(view spoiler)
Jack Pramitte
The beginning was good. The end was OK. Between the two, a boring chase, a flat style. I didn't care about this journey, I wasn't impressed by the end (I've read all books by Dick and I anticipated the end), and I don't care about cats… I don't believe it's a good thing when a story needs an explanation at the end. Not everybody can be Borges or K. Dick. Still, the first two chapters are brilliant.
Ketan Shah
A stunning piece of work,even more so when you consider it's Michael Marshall Smith's first novel. Smart ,surreal and brutal.,with a lot of heart. Smith does a good job creating a hard boiled narrator who does some incredible violent things ,but who you still care for.Ideas fly willy nilly as he describes the various strange neighborhoods that his character's inhabit. If you enjoyed this ,you might like Warren Ellis's Transmetropolitan comics,Michael Swanwyck's ,In the Drift and some of William ...more
Vanessa Jurgens
I don't know where to begin with this book. I don't typically seek out Sci-Fi but I stumbled across this and gave it a try. Only Forward is fantastic and now in my top favorite books of all time. I don't know how Michael Marshall Smith is able to create such a vivid, surreal world but he does so in a way that completely immerses you and makes it incredibly hard to put the book down. There were even some parts that made me feel very freaked out while reading it at night and that's very hard for a ...more
Jeremy Preacher
I was recommended this book in the context of a discussion about SF that deals with men's internal lives, and in that context it is very nearly perfect. Only Forward is a noir-ish science fiction story with a deeply unreliable narrator and an even more unreliable world. It's very dark, full of the sort of ultraviolence that tends to characterize the sort of mostly-male narratives that drive me crazy, but the actual beating heart of the story is Stark's internal life - his childhood, his friendsh ...more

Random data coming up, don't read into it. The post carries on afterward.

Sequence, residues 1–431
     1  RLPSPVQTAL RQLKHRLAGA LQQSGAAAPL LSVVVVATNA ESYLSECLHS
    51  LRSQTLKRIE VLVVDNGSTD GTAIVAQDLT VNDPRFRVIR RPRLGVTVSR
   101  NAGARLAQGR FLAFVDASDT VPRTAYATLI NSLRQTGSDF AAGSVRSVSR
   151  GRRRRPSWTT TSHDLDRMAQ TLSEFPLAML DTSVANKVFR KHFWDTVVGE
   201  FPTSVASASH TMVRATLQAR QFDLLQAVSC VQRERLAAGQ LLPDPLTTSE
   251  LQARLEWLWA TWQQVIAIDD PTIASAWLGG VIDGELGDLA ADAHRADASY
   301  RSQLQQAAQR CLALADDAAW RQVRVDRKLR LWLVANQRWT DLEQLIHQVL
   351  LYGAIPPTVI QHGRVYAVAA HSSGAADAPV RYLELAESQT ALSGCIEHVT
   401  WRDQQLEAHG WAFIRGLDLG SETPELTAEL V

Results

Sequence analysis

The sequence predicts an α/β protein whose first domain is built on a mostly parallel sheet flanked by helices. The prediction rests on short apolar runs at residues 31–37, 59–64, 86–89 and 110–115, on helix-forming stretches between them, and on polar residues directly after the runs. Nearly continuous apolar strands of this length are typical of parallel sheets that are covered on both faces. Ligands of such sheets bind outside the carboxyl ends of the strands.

It's currently slightly past 12:30 in the morning and two and half hours past my bedtime. My eyes are tired from reading for the past 4 hours straight and sticky from unavoidable wetness that accompanied the end of this book.

I don't know what I was expected when I first started reading "Only Forward". In the beginning, it was a bit strange, rip-roaringly funny, and had the foundations for a fun sci-fi adventure novel. Halfway through, I was hurdled into a surrealist expose on reality. Three qua
This review has been hidden because it contains spoilers. To view it, click here.
Ian Casey
(Someone set up this 2015 HarperVoyager edition of the book as a separate page on Goodreads. If a clever person could merge it into the main page that would be nice.)

“I haven’t described what I look like, have I? Remind me later and I will: it’s not that bad, but it’s kind of uncompromising. Every face says something: the deal with mine is that though you might not like what it’s saying you have to admire the strength of its convictions.”

Any work of literature worth the name works on multiple le
This book was really a big surprise for me. With an exceptional narration, an unforseen plot, full of great surprises, and with an unexpected twist in the end, it was far more brilliant than i expected, based on friend's reviews.

You could really say that the writer in the start had two different stories in his mind. The first part of the book is an outstanding adventure, with the breathtaking escape, and also a quite hilarious part with a protagonist full of deadly lines and jokes.